Market Overview

Investors Lock Gaze on US CPI Data

 

  • Mixed PPI report allows investors to believe the Fed is done
  • But US CPI data has the potential to change their mind
  • Wall Street gains on ‘no more hikes’ bets
  • Oil falls as Saudi Arabia pledges to stabilize the market


Dollar trades mixed on mixed PPI data

The US dollar traded mixed on Wednesday, staying on the back foot against the euro, the pound, and the franc, but gaining against the yen. The greenback finished the day close to its opening levels against the risk-linked aussie, kiwi, and loonie.

The mixed performance of the US dollar may have reflected the mixed outcome of yesterday’s PPI data for September. Both the headline and core rates came in better than expected with the August prints being revised up, but the rate excluding food, energy, and transportation ticked down to 2.8% y/y from a downwardly revised 2.9%.

This, combined with remarks by Fed Governor Christopher Waller, who echoed the latest dovish views of his colleagues, allowed the market to continue believing that the Fed is probably done raising interest rates. Currently, investors are assigning only a 28% probability for another 25bps hike by year end, while they expect interest rates to end 2024 at 4.5%, which comes in high contrast to the 5.1% indicated by the Fed’s latest dot plot.

Although Fed officials maintained their projections of one more hike at their latest meeting, the minutes of that gathering revealed that most of them continued to see a highly uncertain future path of the economy, listing several reasons for proceeding carefully before deciding on whether they should raise rates again.

Is the door to another Fed hike closed?
Having said all that though, the door to another hike may not be fully locked. Most policymakers have been arguing that the latest surge in Treasury yields might negate the need for additional hikes, but Kashkari added that if high yields are due to expectations of what policymakers may do, they may need to satisfy those expectations.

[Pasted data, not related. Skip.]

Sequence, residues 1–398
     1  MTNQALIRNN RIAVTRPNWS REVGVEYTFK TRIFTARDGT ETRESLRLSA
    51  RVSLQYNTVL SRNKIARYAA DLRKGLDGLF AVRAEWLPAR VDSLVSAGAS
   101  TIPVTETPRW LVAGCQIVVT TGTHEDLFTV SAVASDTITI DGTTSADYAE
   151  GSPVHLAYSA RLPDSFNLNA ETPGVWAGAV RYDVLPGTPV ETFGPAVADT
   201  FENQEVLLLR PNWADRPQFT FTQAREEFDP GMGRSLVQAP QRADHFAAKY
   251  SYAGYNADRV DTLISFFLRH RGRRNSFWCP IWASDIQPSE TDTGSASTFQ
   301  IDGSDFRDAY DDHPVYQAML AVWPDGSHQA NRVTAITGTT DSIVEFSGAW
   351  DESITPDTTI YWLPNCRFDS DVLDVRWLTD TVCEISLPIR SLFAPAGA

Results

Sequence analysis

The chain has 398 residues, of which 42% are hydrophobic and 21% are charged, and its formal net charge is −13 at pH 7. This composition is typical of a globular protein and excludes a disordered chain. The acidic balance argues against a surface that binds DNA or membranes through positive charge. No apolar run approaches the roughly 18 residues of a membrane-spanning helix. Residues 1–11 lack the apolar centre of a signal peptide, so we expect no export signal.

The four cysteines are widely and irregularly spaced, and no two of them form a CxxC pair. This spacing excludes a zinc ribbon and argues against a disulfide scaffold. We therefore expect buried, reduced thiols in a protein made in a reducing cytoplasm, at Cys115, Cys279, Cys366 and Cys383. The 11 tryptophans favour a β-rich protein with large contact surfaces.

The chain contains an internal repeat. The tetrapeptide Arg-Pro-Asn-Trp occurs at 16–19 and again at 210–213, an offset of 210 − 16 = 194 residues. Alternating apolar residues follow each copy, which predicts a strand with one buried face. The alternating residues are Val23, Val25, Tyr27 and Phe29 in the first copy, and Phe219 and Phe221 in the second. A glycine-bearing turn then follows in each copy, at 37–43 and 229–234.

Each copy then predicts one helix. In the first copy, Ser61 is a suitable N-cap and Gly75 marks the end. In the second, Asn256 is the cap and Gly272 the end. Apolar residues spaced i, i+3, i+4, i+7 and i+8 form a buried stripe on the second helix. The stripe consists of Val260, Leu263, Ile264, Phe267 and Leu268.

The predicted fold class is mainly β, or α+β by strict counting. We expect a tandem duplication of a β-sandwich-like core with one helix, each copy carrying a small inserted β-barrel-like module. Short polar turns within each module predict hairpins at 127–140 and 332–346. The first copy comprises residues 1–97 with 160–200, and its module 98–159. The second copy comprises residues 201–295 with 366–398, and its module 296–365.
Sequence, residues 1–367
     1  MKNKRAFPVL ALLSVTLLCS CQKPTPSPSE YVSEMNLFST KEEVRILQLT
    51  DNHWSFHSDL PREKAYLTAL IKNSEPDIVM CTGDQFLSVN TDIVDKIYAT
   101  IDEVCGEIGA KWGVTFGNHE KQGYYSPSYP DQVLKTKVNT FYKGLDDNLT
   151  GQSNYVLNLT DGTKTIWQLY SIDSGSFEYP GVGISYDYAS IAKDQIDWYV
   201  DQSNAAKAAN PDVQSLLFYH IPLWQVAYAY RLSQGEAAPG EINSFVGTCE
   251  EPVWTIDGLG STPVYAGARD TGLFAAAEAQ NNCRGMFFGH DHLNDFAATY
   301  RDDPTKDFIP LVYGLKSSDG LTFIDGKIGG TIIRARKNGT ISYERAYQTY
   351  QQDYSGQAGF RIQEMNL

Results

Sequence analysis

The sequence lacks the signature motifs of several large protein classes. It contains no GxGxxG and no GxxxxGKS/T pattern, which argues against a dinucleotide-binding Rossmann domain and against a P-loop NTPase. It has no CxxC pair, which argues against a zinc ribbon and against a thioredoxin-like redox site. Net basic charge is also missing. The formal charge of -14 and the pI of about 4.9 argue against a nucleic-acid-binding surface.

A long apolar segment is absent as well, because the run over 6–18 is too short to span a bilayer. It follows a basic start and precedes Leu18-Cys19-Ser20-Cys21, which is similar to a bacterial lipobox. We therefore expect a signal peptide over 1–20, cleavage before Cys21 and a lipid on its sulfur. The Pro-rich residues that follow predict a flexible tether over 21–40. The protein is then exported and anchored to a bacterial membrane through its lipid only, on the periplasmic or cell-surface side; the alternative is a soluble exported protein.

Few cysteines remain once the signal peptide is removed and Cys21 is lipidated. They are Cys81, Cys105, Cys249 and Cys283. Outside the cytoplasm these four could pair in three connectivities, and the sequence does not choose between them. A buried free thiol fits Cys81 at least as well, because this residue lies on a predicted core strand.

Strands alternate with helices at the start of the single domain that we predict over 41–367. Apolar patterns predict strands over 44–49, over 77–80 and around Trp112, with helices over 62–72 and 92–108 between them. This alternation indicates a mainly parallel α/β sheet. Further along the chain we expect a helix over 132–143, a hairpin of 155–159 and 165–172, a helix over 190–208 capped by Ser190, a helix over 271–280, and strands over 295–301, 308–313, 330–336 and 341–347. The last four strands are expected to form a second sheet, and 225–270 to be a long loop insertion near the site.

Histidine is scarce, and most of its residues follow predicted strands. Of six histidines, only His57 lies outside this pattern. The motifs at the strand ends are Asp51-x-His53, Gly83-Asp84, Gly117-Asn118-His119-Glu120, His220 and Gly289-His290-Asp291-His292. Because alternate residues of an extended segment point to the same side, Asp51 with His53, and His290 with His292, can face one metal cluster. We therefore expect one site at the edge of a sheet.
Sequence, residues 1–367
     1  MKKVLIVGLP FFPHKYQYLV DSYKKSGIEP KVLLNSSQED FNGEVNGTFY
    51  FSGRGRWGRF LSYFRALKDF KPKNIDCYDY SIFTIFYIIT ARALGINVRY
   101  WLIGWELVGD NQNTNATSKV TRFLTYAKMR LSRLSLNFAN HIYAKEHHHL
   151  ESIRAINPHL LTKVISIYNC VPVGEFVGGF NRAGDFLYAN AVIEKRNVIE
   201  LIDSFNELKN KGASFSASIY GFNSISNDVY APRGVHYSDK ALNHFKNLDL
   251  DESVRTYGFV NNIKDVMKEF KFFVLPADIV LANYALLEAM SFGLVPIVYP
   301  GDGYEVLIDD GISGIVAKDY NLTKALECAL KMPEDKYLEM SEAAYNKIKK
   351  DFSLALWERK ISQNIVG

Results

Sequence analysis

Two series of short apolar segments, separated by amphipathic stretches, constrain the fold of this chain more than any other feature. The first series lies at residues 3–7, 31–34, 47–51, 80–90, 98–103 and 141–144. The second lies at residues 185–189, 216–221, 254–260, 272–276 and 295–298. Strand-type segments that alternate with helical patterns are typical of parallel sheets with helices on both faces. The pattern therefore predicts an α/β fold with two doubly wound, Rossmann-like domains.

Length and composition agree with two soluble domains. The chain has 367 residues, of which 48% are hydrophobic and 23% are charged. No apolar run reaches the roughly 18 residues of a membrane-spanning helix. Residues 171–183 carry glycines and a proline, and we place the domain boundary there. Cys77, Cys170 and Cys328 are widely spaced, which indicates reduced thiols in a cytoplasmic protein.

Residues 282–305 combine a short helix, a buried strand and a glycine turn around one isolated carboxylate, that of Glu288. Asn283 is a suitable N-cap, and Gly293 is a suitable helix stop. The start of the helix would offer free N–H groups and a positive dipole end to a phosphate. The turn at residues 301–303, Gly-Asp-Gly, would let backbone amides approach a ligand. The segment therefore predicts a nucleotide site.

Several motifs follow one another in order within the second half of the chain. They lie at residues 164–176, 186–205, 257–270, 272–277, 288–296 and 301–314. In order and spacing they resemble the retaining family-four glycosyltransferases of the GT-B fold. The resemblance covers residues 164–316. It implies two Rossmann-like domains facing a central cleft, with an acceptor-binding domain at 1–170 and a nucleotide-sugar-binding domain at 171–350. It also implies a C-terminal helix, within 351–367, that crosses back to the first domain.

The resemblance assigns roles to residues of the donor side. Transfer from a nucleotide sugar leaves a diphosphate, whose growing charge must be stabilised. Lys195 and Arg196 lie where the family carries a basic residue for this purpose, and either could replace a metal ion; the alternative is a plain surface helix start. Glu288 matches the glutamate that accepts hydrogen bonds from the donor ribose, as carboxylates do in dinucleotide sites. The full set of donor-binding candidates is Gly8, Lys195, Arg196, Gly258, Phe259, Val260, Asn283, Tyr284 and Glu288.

With yields pulling back this week following the latest Fed rhetoric, anything suggesting that inflation is stickier than previously thought may encourage investors to start reconsidering the likelihood of another rate increase before this tightening crusade ends.

Ergo, the spotlight today is likely to turn to the US CPI numbers for September. Expectations are for both the headline and core rates to have slid but considering the rally in oil prices during the month, the higher-than-expected headline and core PPI rates and their upward revisions for August, the risks may be tilted to the upside.

Therefore, if the data convinces market participants to bring their hike bets back to the table, the US dollar is likely to recover a decent portion of the ground it lost lately.

Wall Street extends gains, oil falls on Saudi Arabia’s pledge
US equities continued to march north yesterday, even as the conflict between Israel and Palestine continues to rage. Perhaps with the probability of another hike remaining low and several rate cuts being penciled in for next year, investors were tempted to increase their risk exposure.

However, stock traders may get disappointed today if the CPI data point to stickier-than-expected inflation, as a higher market implied rate path could translate into higher borrowing costs for companies and lower present values, especially for high-growth tech firms that are valued by discounting projected free cash flows for the quarters and years ahead.

In the energy market, oil prices fell more than 3% after Saudi Arabia eased fears of supply disruptions due to the conflict in the Middle East after it said that it is in discussion with international partners to avert an escalation and pledged to help stabilize the market.

Source

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